Being Above Ground in Fujian: A Travelogue


Very unique. Not like being above ground in other places.

DAY ONE: took the metro to the far corner of Shanghai to fly SHA>>XMN. Just the journey to the airport itself took nearly two hours. Shangers is ridiculously large. Man sitting opposite me clipped his fingernails directly onto the floor. As one does on the subway.

Flight was comfortable, minimal amounts of stares directed at the tall white person sitting 24C.

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What to Ask Someone Who’s Just Been Abroad


Please, ask about anything other than how it was.

Whether you meet someone after they completed an exciting trip, or you’re the relative or friend of someone who has just been abroad, you’re probably eager to ask all about it. Just know that someone who has been abroad will get asked mostly the same questions: “How was it?” and “Did you have a great time?” or “Did you see [insert stereotypical noun pertaining to that location]?” and “Do you miss it?”

This is like the jet-lag of all conversations: it puts you to sleep and you just want to get past it because it’s annoying and exhausting.

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Meeting Joburg: The Maboneng Precinct


Before I came to Johannesburg, many people warned against the danger of Johannesburg CBD.

I had driven through it a few times with one of my coworkers to Park Station which is in the heart of Joburg CBD. The crime rate in this area is so high that even the locals are nervous to go there. But tucked away in the city is an up-and-coming place where hipsters can hide in Sunday markets and underground art museums.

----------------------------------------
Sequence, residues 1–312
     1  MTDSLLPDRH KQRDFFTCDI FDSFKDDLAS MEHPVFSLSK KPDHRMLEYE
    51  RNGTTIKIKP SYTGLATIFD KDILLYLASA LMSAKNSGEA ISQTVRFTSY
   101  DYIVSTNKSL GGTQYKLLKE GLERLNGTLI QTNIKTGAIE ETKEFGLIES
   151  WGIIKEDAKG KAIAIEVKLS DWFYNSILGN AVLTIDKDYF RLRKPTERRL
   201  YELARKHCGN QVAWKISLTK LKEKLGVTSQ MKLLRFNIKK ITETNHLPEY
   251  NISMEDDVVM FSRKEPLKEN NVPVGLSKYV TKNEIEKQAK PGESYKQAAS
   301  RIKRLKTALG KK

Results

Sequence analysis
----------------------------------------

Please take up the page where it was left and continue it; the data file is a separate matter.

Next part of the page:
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Soweto: Scratching the Surface of A Rich Township


I am lucky enough to have a fellow ELCA global missionary friend who is in a year-long program called, Young Adults In Global Mission (YAGM), and is living in the largest and arguably most historical township in South Africa. She resides in Central Jabavu in the South West Township called Soweto, also known as the home of Nelson Mandela and Desmond Tutu.

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“What’s Up?” – African Social Media, That’s What’s Up!


Two weeks ago, I was invited to Kenya for a strategic planning meeting with Lutheran World Federation (LWF) to prepare for the 2017 Celebration of the 500th Anniversary of the Reformation.

During my visit, I had several conversations about the churches in Africa, as well as the role of social media. I could write a book about it, probably, but instead I want to focus on one particular conversation I had with a taxi driver.

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A Quick Thanks


Now that I’ve settled in and gotten my bearings, I can’t help but think about what it took to get here.

It took quite a bit of time, energy, paperwork, and a 14-hour flight to get me to this very spot. Not least of all, it took the efforts of professors, mentors, family, and friends to help me understand the role I want to fill in the world.

For that, I owe them quite a bit of gratitude.

So thanks for the honest truth. Thanks for being in my corner. Thanks for having a hand in all this — this predictably unpredictable journey. It was a twist of fate that spun the world under our feet exactly enough for us to coincide, and it will be another unfathomable turn of events that will cause us to reconvene.

I wouldn’t have it any other way.

Connected Remotely


The past few days have been a whirlwind of so many things happening at once.

There has been a lot of anxiety about when I get there, and how I will be able to find internet, phone cards, even drive a stick for the first time on the opposite side that I’m used to. But on the outside, the world is busy.

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